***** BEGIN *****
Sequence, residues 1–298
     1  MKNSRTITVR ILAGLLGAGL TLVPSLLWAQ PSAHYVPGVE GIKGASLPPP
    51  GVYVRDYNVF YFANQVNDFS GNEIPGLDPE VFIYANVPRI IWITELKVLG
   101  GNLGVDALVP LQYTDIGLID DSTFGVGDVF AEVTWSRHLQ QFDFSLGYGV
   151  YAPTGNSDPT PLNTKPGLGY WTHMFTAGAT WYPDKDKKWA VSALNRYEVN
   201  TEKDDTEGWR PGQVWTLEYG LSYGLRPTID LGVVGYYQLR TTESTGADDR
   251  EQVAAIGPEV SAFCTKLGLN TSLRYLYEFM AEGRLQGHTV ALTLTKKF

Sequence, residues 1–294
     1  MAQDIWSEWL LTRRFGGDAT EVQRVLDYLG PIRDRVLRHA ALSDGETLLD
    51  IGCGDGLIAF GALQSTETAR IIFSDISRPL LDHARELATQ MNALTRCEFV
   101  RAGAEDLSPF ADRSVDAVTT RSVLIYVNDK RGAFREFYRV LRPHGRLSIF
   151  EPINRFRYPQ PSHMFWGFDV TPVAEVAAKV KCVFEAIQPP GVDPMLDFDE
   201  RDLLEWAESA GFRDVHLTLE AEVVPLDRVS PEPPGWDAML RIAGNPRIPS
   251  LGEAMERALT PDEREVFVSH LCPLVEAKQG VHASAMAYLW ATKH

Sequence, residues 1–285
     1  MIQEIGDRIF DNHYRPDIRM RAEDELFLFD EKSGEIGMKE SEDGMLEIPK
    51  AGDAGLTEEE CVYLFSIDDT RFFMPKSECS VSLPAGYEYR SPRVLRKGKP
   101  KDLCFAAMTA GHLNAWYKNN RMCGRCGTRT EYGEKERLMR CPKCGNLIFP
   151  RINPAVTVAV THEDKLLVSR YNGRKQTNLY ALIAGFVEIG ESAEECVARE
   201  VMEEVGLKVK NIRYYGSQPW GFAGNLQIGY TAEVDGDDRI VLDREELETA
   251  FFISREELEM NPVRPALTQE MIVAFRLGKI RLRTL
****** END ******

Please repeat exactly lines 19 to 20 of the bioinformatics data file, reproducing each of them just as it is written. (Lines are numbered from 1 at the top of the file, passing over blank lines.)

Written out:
   151  RINPAVTVAV THEDKLLVSR YNGRKQTNLY ALIAGFVEIG ESAEECVARE
   201  VMEEVGLKVK NIRYYGSQPW GFAGNLQIGY TAEVDGDDRI VLDREELETA